Hedge funds that offer separately managed accounts (SMAs) may be more attractive to investors, according to a study that BNY Mellon’s Pershing LLC released Friday. The SMAs can provide investors with a bit of control they wouldn’t ordinarily have with hedge funds, according to the study.
The report, “Transparency and Liquidity: The Growth of Separately Managed Accounts in the Hedge Fund Industry,” indicates that “SMAs are being embraced by investors” looking for “transparency” and “liquidity in their hedge fund investments, and they are being accepted—if sometimes reluctantly—by hedge fund managers as a means of attracting assets and deepening relationships with clients.”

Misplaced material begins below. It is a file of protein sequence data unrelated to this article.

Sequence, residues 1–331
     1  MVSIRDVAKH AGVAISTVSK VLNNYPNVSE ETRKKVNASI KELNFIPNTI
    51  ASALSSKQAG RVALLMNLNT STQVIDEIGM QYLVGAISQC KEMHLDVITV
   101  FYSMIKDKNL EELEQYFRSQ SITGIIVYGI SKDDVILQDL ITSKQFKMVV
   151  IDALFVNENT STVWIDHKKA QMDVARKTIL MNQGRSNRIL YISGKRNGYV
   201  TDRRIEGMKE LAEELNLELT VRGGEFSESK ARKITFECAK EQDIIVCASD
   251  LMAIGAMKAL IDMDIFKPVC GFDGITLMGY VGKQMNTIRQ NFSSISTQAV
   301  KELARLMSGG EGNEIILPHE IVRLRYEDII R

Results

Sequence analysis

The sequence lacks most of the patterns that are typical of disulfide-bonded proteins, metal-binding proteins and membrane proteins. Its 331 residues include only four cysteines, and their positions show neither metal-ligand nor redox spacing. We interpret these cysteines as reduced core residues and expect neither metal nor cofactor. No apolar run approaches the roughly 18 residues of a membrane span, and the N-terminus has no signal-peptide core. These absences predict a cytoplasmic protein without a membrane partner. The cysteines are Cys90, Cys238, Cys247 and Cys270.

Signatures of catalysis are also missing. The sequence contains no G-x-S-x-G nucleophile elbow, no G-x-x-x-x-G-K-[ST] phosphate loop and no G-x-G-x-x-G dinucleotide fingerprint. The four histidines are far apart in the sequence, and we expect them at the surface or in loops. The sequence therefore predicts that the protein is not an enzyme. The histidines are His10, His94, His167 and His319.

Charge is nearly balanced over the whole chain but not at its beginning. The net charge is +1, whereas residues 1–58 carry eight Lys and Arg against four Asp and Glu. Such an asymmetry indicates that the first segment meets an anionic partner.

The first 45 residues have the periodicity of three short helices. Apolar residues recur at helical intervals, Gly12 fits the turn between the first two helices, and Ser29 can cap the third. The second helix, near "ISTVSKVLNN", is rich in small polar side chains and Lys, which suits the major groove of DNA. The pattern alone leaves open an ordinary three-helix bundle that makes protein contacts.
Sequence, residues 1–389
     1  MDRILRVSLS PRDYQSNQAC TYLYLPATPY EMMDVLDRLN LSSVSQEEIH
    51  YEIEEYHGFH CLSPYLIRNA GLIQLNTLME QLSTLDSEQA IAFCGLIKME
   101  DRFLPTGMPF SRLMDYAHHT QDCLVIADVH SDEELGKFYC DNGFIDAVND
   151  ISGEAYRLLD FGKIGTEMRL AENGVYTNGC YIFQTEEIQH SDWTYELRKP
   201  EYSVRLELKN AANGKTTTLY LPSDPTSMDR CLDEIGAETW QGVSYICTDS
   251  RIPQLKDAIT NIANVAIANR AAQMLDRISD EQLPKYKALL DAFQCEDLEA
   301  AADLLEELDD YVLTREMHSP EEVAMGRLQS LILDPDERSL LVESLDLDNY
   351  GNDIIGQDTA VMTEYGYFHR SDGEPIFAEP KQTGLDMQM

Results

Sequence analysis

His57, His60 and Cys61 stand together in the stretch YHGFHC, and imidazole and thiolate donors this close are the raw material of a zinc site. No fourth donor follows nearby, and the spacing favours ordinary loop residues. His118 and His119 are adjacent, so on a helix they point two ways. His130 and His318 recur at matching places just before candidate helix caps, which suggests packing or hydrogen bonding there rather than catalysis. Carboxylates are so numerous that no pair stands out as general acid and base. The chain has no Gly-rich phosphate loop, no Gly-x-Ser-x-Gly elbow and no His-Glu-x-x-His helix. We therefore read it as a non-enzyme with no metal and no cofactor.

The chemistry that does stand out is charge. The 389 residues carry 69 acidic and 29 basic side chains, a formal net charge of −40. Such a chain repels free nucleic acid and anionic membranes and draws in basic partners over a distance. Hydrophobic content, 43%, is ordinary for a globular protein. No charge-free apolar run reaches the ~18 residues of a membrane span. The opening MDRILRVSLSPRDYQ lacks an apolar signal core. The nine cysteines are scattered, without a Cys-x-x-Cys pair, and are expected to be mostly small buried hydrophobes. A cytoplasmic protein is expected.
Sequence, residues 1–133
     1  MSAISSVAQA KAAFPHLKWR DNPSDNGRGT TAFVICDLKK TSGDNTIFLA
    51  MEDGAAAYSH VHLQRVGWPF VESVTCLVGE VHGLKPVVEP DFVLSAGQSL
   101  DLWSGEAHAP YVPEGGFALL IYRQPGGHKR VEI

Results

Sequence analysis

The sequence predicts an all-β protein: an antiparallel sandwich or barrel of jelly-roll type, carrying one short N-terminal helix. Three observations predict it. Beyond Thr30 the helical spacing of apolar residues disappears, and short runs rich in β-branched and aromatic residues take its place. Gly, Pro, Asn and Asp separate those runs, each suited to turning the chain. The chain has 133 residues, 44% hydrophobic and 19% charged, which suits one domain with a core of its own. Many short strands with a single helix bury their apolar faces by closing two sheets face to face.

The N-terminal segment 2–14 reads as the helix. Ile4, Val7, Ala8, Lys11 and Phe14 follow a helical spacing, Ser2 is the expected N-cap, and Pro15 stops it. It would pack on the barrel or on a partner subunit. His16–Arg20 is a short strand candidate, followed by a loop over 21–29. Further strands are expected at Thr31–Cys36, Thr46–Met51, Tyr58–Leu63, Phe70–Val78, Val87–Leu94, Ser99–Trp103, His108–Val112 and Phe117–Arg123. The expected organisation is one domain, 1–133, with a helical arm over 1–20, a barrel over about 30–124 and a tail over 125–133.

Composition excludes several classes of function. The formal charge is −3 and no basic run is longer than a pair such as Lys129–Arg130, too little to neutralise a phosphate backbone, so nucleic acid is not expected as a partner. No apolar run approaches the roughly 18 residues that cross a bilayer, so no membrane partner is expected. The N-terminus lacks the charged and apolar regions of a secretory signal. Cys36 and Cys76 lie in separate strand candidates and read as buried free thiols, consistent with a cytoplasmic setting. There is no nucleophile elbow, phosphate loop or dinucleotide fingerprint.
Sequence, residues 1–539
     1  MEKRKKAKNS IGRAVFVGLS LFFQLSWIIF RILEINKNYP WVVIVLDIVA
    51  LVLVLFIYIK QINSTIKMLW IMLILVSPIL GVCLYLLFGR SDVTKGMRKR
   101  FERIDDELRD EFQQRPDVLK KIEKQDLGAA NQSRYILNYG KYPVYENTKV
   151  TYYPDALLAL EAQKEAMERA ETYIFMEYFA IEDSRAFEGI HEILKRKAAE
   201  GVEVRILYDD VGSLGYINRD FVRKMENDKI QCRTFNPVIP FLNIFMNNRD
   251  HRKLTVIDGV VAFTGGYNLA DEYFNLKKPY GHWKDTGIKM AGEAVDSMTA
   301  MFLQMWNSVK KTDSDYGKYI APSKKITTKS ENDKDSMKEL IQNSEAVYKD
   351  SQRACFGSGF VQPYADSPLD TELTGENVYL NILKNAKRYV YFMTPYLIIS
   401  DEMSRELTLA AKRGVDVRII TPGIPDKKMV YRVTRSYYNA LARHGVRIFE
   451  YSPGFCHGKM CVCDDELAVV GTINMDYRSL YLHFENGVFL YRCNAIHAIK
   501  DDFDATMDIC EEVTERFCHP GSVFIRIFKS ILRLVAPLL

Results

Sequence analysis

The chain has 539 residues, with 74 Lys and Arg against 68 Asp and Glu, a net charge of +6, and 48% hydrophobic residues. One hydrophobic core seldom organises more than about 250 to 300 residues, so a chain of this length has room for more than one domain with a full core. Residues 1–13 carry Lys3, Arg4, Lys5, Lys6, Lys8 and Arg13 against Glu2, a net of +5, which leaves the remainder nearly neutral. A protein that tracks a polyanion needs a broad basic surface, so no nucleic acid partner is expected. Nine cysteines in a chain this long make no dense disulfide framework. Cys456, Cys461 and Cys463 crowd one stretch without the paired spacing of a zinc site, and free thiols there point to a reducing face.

“Access to liquidity” is a point that investors have become acutely aware of, especially in the past few years when liquidity—or lack thereof—became a key issue for investors. Thirty-three percent of participating “investors cited access to liquidity as an important benefit of SMAs. Almost 50% of hedge fund managers said they are experiencing pressure from their investors to eliminate lockup periods and redemption notice requirements,” the announcement said. “Fewer managers report pressure from investors to reduce fees.”
“Influence on investment philosophy”
SMAs also provide a means for investors to have some “influence on the investment philosophy,” the report states, but demand from investors appears to be higher than the number of hedge funds willing to use the SMA “structure.”